Corvallis artist Julie Green’s “The Last Supper” – a selection of some 500 painted porcelain plates that illustrate the final meal requests of U.S. death row inmates – is on display through April 7 in the Artist Project Space Gallery at the University of Oregon's Jordan Schnitzer Museum of Art.
The exhibition is in conjunction with a series of citywide events including the Eugene Opera’s production of “Dead Man Walking.”
“I have always been focused on food,” Green says. “As a kid, I won eating contests; these days I grow organic produce. The years I spent in Oklahoma, which has the highest per capita rate of executions, turned my interest in food toward final meals.”
To create “The Last Supper” Green paints images and words relating to inmates’ last meals on second-hand ceramic plates, using a blue mineral paint. The plates are then kiln-fired by Green’s technical advisor, Toni Acock.
The subject matter varies greatly as the final meal requests reflect the particular state’s regulations and the heritage of the inmates. Green discovered that many states, Texas included, limit inmates to what is available in the prison cafeteria.
Jolly Ranchers, birthday cake and regional favorites such as fried crappie from Arkansas or crab cakes from Delaware are featured in the series. Lobster and steak are exceptions; more familiar comfort foods including hamburgers, biscuits and milkshakes are more popular requests.
Green doesn't include the names of the executed death row inmates, but identifies the plates by the execution date and last meal.
Green says that when she paints the plates, she thinks about "the death penalty, the victims, the heinous crimes committed, the individuals executed, the large number of minorities on death row and the margin for error in judicial process."
She notes that America is one of the few countries with capital punishment and that there have been a total of 1,320 U.S. state-sanctioned executions since 1976. Green plans to add 50 plates a year to “The Last Supper” until capital punishment is abolished.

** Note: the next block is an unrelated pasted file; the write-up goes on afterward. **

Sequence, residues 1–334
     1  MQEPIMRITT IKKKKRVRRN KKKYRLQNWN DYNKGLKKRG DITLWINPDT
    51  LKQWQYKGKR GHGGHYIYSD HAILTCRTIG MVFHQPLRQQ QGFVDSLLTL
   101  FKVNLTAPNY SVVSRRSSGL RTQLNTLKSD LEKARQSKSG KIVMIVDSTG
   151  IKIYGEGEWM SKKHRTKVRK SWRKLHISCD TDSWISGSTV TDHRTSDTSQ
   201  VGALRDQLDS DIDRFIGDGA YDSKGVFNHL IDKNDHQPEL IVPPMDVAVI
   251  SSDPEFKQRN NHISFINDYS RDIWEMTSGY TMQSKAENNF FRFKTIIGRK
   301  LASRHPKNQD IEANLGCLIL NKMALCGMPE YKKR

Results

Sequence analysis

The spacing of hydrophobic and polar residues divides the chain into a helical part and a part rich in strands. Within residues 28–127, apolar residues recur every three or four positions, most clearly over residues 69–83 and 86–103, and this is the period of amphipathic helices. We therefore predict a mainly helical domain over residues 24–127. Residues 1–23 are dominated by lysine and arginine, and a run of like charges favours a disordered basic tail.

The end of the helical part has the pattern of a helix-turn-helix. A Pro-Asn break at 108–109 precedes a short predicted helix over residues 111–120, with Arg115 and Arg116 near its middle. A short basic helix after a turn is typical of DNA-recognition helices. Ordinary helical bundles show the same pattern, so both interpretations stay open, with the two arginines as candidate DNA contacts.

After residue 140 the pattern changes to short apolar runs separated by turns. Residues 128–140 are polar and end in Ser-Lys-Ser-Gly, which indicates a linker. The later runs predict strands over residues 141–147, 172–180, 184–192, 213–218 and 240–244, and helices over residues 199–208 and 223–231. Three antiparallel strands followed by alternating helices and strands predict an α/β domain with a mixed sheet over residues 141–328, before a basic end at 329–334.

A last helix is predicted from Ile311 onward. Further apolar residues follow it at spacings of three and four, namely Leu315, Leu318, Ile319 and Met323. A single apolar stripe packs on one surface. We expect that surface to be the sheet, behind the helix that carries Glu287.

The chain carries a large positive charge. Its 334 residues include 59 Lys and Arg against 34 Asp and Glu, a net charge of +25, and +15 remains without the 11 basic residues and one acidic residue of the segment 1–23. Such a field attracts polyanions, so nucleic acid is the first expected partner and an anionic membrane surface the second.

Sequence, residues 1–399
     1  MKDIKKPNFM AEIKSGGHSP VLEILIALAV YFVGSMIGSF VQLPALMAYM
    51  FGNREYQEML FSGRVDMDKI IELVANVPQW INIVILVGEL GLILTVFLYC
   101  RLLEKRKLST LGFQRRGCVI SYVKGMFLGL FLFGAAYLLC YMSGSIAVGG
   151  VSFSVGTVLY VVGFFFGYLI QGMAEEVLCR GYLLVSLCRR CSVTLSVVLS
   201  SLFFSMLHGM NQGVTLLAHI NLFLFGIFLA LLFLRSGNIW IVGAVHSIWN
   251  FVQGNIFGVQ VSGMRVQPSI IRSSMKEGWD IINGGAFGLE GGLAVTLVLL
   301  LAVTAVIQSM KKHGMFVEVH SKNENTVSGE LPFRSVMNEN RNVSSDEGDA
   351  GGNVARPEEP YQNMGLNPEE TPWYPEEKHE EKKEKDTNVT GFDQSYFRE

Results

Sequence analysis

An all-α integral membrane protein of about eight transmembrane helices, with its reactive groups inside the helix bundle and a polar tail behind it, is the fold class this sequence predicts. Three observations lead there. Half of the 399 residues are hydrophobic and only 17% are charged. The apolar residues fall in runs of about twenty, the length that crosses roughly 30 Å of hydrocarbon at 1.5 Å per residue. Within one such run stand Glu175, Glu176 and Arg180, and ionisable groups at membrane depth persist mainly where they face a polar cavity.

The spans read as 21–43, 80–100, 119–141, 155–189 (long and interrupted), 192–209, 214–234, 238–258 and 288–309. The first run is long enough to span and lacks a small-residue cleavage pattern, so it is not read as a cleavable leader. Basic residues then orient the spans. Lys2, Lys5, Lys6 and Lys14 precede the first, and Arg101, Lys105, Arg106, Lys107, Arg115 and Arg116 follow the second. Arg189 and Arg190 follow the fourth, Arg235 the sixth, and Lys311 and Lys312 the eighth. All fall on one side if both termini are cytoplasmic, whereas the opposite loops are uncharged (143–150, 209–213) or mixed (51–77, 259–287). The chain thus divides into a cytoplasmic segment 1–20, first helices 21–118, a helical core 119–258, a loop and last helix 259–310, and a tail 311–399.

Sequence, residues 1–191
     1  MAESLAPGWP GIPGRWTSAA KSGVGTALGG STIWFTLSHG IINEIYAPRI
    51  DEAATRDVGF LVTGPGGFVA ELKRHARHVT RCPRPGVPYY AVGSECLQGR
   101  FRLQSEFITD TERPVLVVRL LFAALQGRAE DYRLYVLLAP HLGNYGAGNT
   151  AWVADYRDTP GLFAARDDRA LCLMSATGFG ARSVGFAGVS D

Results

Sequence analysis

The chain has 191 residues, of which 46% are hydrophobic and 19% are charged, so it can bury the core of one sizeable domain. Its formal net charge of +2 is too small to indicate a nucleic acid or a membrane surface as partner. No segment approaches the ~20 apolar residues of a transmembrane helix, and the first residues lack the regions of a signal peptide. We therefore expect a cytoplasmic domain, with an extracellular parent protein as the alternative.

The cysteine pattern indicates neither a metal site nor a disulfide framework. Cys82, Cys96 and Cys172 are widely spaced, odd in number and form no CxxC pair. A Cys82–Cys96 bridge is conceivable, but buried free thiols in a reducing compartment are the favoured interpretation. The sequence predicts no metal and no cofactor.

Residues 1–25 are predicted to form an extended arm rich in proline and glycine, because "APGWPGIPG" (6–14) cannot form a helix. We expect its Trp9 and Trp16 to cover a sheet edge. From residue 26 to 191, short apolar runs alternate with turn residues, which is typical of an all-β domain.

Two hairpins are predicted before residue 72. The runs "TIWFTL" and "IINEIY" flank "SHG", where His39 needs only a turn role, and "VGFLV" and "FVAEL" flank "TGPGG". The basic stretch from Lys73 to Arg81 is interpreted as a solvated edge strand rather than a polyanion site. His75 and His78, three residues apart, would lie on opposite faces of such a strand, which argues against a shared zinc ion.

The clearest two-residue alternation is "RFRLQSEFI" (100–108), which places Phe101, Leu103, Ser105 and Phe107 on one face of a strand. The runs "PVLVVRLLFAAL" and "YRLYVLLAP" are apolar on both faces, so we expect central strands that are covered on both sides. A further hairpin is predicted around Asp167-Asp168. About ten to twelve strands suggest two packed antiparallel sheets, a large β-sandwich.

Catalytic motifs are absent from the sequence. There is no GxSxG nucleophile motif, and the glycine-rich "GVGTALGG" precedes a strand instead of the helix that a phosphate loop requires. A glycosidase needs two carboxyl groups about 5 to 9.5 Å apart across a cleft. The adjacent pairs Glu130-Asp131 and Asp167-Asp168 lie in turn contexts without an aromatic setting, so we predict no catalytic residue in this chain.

Green was born in Japan in 1961. She is a recipient of the Joan Mitchell Painter and Sculptors Award. Her work was featured in OSU’s “Terra Magazine,” and the Last Supper project has received national media attention in outlets including the New York Times, National Public Radio and magazines “Ceramic Monthly” and “Gastronomica.”
Her work has been included in 25 solo exhibitions in this country and abroad. She is an associate professor at Oregon State University and lives in the Willamette Valley with her husband, artist Clay Lohmann, and their one-eyed cat.
Prisons, compassion and peace are the themes encompassing a series of citywide events this spring, centered on the Eugene Opera’s Northwest premier of “Dead Man Walking.” The Eugene Public Library will host a community reading of Sister Helen Prejean’s novel, “Dead Man Walking;” Prisons and Peace is the focus of the UNESCO/UO Conference; and The Downtown Initiative for the Visual Arts will host the exhibition “Visions from Within.”
A full listing of programs is available online.
- from UO's Jordan Schnitzer Museum of Art